When the kingdom's most wanted -- and most charming -- bandit Flynn Rider hides out in a mysterious tower, he's taken hostage by Rapunzel, a beautiful and feisty tower-bound teen with 70 feet of magical, golden hair. Flynn's curious captor, who's looking for her ticket out of the tower where she's been locked away for years, strikes a...
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When the kingdom's most wanted -- and most charming -- bandit Flynn Rider hides out in a mysterious tower, he's taken hostage by Rapunzel, a beautiful and feisty tower-bound teen with 70 feet of magical, golden hair. Flynn's curious captor, who's looking for her ticket out of the tower where she's been locked away for years, strikes a deal with the handsome thief and the unlikely duo sets off on an action-packed escapade, complete with a super-cop horse, an over-protective chameleon and a gruff gang of pub thugs. "Tangled" is a story of adventure, heart, humor and hair -- lots of hair.
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Having only recently revived its cartoon fairytale division, Disney abruptly announced earlier this week that it's leaving the business for good. Which is a shame, because few cinematic staples have proved more consistently entertaining -- or more effective as a babysitting tool. With its final fairytale adaptation, Tangled, a lively comic take of the classic Rapunzel fable, the venerable studio can at least say that it's exiting the genre on a high note.
Tweaks have been made to the original Brothers Grimm story, most notable of which is that Rapunzel's (Mandy Moore) trademark golden locks are now imbued with magical powers -- specifically, the ability to halt or reverse the aging process -- that are activated, conveniently enough, whenever she serenades them with her dulcet voice. Born a princess, she was plucked from the cradle by a capricious crone, Mother Gothel (Broadway star Donna Murphy), who locked the child in a tower and raised her as her own daughter. Obsessed with preserving her youthful looks, she employs Rapunzel as her own private botox clinic while taking steps to ensure that her little Patty Hearst never learns of her true royal heritage.
As befitting current social mores, this Rapunzel is not the proverbial damsel in distress, waiting patiently for a prince to come rescue her. Modern-day fairytale heroines simply must be more proactive. Though preternaturally naïve, she's impressively well-read for a child abductee, and she brims with curiosity about the outside world. On the eve of her 18th birthday, she desperately longs to experience it first-hand, despite the many dire (and entirely fabricated) warnings from ''mother'' about its inherent dangers.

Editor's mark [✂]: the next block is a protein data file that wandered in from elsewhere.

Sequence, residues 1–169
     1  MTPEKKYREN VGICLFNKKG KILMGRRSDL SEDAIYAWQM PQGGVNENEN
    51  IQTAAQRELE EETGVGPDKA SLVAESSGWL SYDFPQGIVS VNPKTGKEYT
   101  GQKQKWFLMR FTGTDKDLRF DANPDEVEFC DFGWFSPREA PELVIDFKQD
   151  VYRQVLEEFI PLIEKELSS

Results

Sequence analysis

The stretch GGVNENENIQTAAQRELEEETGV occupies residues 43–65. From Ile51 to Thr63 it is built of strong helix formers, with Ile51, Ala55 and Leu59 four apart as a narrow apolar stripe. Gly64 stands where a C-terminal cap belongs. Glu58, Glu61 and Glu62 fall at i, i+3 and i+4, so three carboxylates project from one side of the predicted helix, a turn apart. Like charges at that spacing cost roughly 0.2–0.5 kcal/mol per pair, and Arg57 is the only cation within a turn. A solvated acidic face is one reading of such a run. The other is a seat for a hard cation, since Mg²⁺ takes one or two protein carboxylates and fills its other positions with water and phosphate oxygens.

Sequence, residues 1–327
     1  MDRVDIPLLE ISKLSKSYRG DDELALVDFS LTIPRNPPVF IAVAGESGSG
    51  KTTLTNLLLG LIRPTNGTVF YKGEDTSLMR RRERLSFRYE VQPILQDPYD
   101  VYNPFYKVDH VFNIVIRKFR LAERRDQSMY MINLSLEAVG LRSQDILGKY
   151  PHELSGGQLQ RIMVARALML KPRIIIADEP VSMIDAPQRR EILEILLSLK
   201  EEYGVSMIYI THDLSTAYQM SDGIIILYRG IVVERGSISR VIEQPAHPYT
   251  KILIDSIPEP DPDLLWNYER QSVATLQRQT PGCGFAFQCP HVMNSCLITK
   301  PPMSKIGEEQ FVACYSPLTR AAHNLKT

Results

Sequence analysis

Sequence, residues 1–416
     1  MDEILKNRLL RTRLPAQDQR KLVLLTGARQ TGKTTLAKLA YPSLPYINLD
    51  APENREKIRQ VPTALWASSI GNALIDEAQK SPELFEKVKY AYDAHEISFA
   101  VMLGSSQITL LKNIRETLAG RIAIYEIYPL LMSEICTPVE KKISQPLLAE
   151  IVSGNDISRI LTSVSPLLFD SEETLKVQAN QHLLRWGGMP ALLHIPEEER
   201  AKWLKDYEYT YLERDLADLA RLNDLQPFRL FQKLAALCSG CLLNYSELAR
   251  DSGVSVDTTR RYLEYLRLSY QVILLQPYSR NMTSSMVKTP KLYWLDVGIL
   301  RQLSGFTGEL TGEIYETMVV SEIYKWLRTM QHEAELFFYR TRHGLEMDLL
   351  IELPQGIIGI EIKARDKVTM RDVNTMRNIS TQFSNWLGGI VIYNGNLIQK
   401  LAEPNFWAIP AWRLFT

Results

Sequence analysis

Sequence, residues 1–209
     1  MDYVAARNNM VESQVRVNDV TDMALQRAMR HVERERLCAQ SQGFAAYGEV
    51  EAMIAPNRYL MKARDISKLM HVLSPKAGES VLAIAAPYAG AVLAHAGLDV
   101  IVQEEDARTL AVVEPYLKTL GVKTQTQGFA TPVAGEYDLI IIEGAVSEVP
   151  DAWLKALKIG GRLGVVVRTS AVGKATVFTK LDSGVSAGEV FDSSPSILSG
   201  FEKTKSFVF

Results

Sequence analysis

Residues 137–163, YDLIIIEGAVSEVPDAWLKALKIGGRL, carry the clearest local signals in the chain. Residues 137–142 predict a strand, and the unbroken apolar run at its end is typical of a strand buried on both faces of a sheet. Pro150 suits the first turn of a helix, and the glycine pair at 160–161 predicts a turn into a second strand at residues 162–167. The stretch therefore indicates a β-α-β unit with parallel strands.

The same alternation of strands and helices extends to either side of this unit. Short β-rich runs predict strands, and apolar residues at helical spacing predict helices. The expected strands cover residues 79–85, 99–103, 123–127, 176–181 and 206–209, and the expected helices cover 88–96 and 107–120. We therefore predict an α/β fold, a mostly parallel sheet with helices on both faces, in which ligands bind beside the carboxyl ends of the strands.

Rapunzel's opportunity to escape comes when a wily bandit named Flynn Ryder (Zachary Levi) attempts to hide out in her tower, only to be knocked out and taken captive by its plucky resident, who coerces him into acting as her bodyguard during an impromptu tour of society at large. This flip of the traditional script sets the stage for the kind of climactic clash of opposites that can only ever result in eternal love.
Lyricist Glenn Slater and Oscar-winning composer Alan Mencken, both Mouse House veterans, collaborated on the Tangled soundtrack, and while the film's musical numbers aren't likely to inspire a blockbuster Broadway musical (though I'd love to see how all that hair would fare on-stage), they partner nicely with the script's buoyant comic tone, moving the narrative forward instead of distracting us from it, as musical numbers so often do. The story falters a bit in the third act -- especially during its disappointing climax, during which Rapunzel suddenly discovers that her hair possesses Lazarus-like abilities -- but not enough to bring down the film as a whole.
What impressed me most about Tangled was its visual aesthetic, which effectively marries the charm of the old-school hand-drawn style with CGI's unsurpassed ability to awe. (All sorts of innovations were required to properly render Rapunzel's 70-foot mane, which shimmers and glows with a life of its own.) Wrapped together in a wondrous 3D package, it serves as a fitting farewell to a fine filmmaking tradition.
Hollywood.com rated this film 3 1/2 stars.
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